The California Wellness Foundation is putting up $13 million over the next five years to better health outcomes for women of color through two distinct initiatives tackling issues that disproportionately affect nonwhite women.
Part of the funding will go toward treatment and prevention of HIV/AIDS and other sexually transmitted infections. The rest will support a reentry and jobs initiative for formerly incarcerated women of color. Neither field is new to attention from philanthropy, but California Wellness is a rarity in focusing on the effects of these plights on women of color in particular.
Criminal justice reform is an area that’s heating up among grantmakers. Google has given out $32 million for work in this space, including $7.5 million it poured into Bay Area organizations late last year. Other major backers of the field include the Ford Foundation, the John D. and Catherine T. MacArthur Foundation, the Laura and John Arnold Foundation, the Open Philanthropy Project, and the Charles Koch Foundation. (See IP's recent coverage of criminal justice funding here.)
As we've often reported, funders have tended to zero in on different parts of a sprawling criminal justice system that's entangled millions of people. Cal Wellness is a case in point. All its work, including in this issue area, has been focused in California. The foundation has been part of a coalition of funders working to improve the state’s juvenile justice system. It is on the leadership team of a grantmakers group that's led the work called California Funders for Boys and Men of Color.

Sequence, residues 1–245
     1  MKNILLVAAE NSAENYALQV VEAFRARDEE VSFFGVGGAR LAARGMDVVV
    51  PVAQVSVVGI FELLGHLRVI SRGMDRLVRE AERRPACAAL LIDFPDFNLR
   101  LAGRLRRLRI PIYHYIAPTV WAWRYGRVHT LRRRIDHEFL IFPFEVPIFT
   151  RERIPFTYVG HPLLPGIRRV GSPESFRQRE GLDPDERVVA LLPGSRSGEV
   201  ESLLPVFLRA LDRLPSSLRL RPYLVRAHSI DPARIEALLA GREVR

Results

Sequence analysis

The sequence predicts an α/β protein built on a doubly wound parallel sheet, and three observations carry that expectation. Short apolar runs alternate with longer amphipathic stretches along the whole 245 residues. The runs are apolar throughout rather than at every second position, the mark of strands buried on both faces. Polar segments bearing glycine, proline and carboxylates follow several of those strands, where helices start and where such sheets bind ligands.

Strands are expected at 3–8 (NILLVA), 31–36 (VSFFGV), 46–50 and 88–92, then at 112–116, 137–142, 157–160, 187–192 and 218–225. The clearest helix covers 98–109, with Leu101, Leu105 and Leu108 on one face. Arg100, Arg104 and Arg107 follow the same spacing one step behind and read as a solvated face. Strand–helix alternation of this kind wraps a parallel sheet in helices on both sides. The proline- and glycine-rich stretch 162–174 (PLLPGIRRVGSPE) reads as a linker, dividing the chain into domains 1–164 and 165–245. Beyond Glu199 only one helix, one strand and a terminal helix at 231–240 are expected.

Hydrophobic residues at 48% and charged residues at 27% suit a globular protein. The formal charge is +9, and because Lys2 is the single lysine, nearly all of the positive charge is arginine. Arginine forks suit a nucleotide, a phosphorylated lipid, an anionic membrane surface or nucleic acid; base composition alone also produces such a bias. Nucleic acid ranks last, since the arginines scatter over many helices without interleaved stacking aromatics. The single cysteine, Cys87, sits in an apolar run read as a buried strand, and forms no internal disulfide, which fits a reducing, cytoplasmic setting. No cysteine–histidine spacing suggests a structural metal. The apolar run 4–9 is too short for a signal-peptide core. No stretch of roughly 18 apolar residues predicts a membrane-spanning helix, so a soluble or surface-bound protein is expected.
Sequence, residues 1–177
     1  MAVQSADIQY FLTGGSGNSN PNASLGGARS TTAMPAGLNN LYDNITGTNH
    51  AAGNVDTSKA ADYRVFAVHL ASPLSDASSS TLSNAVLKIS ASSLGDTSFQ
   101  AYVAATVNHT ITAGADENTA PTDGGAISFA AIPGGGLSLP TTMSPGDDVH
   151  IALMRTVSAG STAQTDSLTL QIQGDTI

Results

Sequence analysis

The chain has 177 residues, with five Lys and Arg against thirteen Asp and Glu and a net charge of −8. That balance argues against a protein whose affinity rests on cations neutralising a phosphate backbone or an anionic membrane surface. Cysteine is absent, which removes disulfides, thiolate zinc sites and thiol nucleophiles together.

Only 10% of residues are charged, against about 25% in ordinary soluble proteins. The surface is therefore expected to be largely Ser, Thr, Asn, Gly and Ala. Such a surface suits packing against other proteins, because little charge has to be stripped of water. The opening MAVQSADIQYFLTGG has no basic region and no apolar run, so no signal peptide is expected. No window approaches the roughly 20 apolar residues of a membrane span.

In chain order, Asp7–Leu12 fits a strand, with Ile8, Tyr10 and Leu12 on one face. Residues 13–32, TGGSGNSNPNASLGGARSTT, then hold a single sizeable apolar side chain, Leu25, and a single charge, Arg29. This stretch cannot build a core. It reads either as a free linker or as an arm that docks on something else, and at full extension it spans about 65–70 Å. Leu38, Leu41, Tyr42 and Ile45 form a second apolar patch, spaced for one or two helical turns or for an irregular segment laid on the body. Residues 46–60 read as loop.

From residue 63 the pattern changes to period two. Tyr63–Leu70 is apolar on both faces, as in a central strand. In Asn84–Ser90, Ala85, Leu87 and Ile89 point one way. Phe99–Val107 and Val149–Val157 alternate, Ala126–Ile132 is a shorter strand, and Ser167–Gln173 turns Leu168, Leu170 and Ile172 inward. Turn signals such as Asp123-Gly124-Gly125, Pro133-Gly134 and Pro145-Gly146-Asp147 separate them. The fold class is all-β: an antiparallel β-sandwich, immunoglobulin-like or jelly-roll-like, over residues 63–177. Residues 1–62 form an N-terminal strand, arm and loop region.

Now, it's putting money into another important niche. Despite the growing number of funders working on criminal justice issues, few focus on formerly incarcerated women or women of color specifically. But women are the fastest growing sector of the population behind bars, which includes jail, according to organizations that track those numbers. Women of color are overrepresented at every level of the prison system—federal, state and local.
Of particular alarm to a foundation that devotes itself to California is the fact that the state is home to the largest population of incarcerated women. When women get out of prison, they face barriers to get back on firm financial footing, which compounds the challenge.
With this initiative, Cal Wellness is focused on empowering women after they’ve left the prison system. The aim is to better health outcomes by strengthening the financial health of formerly incarcerated women through employment and building assets.
To achieve this, grants are going to A New Way of Life, Justice Now, Time for Change Foundation, and the Praxis Project. The foundation also funded proof-of-concept projects by Root & Rebound in Fresno County, A New Way of Life in Los Angeles County, and the Time for Change Foundation in San Bernardino County, along with the Center for Employment Opportunities.
A Growing Awareness
That brings us to the second piece of Cal Wellness’ $13 million project—HIV/AIDS and STI prevention and treatment. Though there are many funders working on HIV/AIDS treatment, for the most part, international work overshadows work done domestically.